Thursday, August 28, 2003
Good Old Boys Honored
On Sept. 1, more than 400 elderly men in nursing homes will receive a personal delivery--a baseball cap from a community volunteer. The event, known as the "I Remember Papa" campaign, is part of a four-year-old program run by a local organization of elder-advocates known as Ombudsman. The hats will be delivered by 20 volunteers from the community, many of them junior high school students.
Ombudsman has helped the elderly in nursing homes across Monterey County since 1981. To donate, or to volunteer to deliver a hat, contact Teresa Sullivan at 333-1300 or 758-4011. Training sessions for Ombudsman start in September. [NP]
Farr Quizzed and Knocked
The Seaside City Council's chamber was packed Monday night, Aug. 25. Rep. Sam Farr stood at the lectern for the fifth of his six town hall meetings scheduled in the district during the August congressional recess.
The meeting was supposed to last from 6:30 to 8:30pm but Farr indulged his last few questioners, stretching the forum for an extra half hour.
Farr used his opening remarks to rail against a rare condition in Washington, DC, in which the Republican Party controls the White House and both houses of Congress.
He spoke about his opposition to school vouchers, an initiative he said would create a two-tiered society that erases the cultural mixing in public school, and would abandon physically or mentally challenged students.
"I think that would destroy democracy in America," he said.
A staunch liberal, he complained about the pressure to "cut, squeeze and trim" in DC as well as a recall election he says is a bloodless coup that would destabilize the state.
"Make no bones about it, this recall election was bought," he said.
Soon after he opened up the floor to questions, Helen Rucker, the fiery, former Seaside City Councilmember, called for a headcount of Seaside citizens. Hands went up from about half the room. With that she launched into the now familiar cry against using nearby allotments of Fort Ord land to build the reasonably priced housing so sorely needed. Noting that the home she bought for $35,000 is now worth $500,000, she complained that the rich Peninsula towns don't carry their fair share.
"Why is it that Seaside has to bear this burden?" she said, eliciting cheers.
When another member of the audience asked that communities like Pebble Beach build housing for its workforce in Pebble Beach and not in Watsonville as had been proposed, Farr pledged, "I will lead the charge."
Other questions covered topics from veterans' benefits to Fort Ord re-use to Iraq to immigration policy. One pro-life advocate sparked a short but testy exchange over abortion rights. Farr skirted a question from a high school student who wanted to know if he thought marijuana should be legal, and resisted pressure to name his favored presidential candidate, saying, "I'm just going to keep my powder dry for a while."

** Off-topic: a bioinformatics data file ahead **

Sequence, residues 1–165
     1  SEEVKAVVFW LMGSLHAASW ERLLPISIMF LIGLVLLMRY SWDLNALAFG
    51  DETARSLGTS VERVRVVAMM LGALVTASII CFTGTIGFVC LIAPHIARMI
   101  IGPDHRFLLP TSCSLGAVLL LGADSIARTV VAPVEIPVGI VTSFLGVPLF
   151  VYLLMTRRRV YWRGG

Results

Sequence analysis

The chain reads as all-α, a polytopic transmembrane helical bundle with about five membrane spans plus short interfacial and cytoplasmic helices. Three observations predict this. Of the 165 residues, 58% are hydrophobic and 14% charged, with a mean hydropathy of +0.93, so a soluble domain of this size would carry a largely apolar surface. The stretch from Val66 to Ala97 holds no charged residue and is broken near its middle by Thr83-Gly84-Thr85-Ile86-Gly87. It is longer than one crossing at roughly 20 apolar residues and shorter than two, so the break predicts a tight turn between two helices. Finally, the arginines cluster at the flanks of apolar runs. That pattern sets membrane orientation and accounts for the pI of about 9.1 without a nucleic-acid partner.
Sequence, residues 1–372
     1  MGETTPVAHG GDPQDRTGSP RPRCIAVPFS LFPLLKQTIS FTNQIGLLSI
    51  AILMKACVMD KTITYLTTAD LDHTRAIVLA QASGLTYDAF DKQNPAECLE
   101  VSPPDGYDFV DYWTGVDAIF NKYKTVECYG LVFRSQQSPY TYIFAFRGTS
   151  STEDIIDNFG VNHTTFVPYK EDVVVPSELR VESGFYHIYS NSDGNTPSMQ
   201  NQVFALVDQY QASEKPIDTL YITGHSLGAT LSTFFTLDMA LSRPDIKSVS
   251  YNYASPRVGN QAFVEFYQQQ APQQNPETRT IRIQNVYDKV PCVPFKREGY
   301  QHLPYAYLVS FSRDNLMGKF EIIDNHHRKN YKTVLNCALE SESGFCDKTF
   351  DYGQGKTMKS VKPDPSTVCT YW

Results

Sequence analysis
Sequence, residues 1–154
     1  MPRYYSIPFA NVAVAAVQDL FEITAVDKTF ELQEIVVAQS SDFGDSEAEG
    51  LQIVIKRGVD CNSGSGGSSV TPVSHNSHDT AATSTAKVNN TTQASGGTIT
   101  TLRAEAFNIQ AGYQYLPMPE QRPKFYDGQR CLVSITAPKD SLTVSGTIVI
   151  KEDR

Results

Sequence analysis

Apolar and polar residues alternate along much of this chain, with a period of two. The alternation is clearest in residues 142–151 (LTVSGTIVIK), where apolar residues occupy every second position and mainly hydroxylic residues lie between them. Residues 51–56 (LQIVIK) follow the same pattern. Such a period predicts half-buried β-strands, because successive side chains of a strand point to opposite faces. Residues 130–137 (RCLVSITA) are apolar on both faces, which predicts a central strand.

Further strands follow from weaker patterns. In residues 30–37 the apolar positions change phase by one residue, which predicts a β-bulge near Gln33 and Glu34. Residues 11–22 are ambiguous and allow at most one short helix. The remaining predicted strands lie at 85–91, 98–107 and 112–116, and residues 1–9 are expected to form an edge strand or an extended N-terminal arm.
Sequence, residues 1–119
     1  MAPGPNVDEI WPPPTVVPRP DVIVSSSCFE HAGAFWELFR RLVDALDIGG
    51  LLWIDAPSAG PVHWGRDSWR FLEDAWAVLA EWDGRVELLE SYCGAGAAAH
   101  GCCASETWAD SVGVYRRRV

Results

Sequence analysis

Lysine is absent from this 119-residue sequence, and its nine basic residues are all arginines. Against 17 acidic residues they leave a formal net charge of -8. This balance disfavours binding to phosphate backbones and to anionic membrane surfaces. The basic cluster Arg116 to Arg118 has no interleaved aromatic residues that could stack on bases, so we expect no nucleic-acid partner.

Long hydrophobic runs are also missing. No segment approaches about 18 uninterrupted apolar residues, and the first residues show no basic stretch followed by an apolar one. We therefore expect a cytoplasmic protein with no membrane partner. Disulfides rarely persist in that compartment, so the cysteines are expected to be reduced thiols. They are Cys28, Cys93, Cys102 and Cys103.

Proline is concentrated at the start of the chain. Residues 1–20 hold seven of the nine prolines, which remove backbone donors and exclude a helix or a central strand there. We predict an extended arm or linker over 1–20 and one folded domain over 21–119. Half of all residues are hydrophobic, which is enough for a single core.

The forum ended with a man who wanted to know how the federal government could imprison terror suspects and others without allowing legal representation. Farr replied, "I'll send you a copy of the Patriot Act. That's why." [AS]
Affordable New-Urbanism Lauded
On Tuesday, the city of Salinas moved one step closer to putting affordable housing and "new urbanism" ideas into practice. At the Aug. 26 joint meeting of the City Council and the Planning Commission, city officials reviewed a report about changes to the city's inclusionary housing ordinance. At press time, no decision had been reached.
Currently, the ordinance requires developers to make 12 percent of new homes affordable to people with low or very low incomes. For a family of four, low income means they earn less than $44,480 annually. A very low income family of four is defined as earning up to $27,800 a year.
During Salinas' General Plan Update last year, some council members wanted the city to up the quotient of affordable homes to as much as 40 percent.
In late January 2003, city officials hired Bay Area Economics (BAE) to prepare a feasibility study. The study found that developers would still make a profit if they build 20 percent affordable "like-for-like" homes, meaning the affordably-priced homes are about the same size as the market-rate homes.
The BAE consultants also found that up to 40 percent of new homes could be priced affordably if "new urbanism" designs were included. That would mean developers can build 40 percent affordable and still make money.
Any changes to the inclusionary housing ordinance will be subject to future public hearings. [JL]
Illegal Kids Discussed
Almost 1.5 million undocumented residents under 18 years of age live in the US, and about 50,000 of them graduate from high school each year. Though many of these students want to attend college, their undocumented status prevents them from applying for aid. And in California, illegal aliens are not allowed to pay in-state tuition rates, even if they have met other residency requirements.
A public forum on these and other issues affecting immigrant youth, led by Rep. Sam Farr and state Assemblyman Simon Salinas, will be held on Thursday, Aug. 28, at the Steinbeck Hall at Hartnell College in Salinas from 5:30-7:30pm.
The forum will focus on the Student Adjustment Act, which is currently being reviewed by Congress. The bill, which was originally proposed in 2001, would allow undocumented youth to apply for in-state tuition and be considered for permanent residency if they meet the prerequisites. The Citizenship Project of Salinas encourages anyone interested to join the discussion. [NP]